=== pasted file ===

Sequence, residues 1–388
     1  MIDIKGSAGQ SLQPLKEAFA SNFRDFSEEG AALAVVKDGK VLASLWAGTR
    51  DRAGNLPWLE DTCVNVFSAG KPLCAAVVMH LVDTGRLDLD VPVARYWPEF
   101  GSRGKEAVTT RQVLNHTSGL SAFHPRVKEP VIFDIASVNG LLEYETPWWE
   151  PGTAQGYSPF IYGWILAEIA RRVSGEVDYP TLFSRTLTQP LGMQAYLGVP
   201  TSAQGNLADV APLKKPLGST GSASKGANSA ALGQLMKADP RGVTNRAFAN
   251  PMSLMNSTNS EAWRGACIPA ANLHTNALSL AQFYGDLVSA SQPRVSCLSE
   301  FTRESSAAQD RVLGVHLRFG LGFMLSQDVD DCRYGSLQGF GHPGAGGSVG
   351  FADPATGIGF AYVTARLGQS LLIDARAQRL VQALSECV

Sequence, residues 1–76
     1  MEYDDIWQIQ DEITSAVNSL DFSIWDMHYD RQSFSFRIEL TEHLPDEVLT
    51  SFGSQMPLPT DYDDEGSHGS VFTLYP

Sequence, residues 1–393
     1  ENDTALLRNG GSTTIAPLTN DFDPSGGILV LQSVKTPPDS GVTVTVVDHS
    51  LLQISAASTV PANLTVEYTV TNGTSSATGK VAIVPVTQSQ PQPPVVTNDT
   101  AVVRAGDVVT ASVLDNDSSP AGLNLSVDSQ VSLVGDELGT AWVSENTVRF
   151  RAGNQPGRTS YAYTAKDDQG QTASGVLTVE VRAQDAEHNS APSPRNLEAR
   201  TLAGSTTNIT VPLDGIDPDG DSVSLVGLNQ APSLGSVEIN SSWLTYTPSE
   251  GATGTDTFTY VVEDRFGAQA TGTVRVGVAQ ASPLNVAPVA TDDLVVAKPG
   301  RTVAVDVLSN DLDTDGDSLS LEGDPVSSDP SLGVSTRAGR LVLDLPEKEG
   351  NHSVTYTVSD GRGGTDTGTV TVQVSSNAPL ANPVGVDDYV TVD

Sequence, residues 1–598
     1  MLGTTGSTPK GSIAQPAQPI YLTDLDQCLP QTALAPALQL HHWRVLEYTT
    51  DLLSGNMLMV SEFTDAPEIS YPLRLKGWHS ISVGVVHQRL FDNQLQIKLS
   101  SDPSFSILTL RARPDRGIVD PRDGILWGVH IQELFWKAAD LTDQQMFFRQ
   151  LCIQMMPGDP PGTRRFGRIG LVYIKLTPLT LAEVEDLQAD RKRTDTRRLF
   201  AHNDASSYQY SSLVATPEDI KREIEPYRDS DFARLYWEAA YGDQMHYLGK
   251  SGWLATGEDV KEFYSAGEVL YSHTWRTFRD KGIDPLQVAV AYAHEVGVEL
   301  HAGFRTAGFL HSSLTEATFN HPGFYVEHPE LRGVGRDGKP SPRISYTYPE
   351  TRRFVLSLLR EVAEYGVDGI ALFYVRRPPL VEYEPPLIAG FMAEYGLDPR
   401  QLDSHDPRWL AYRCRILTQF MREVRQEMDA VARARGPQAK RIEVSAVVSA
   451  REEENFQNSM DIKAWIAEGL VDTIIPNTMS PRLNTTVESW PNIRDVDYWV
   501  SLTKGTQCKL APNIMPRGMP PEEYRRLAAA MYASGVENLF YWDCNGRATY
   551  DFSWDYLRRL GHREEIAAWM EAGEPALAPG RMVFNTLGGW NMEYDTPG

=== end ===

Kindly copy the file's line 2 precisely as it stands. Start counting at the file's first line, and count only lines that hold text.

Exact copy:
     1  MIDIKGSAGQ SLQPLKEAFA SNFRDFSEEG AALAVVKDGK VLASLWAGTR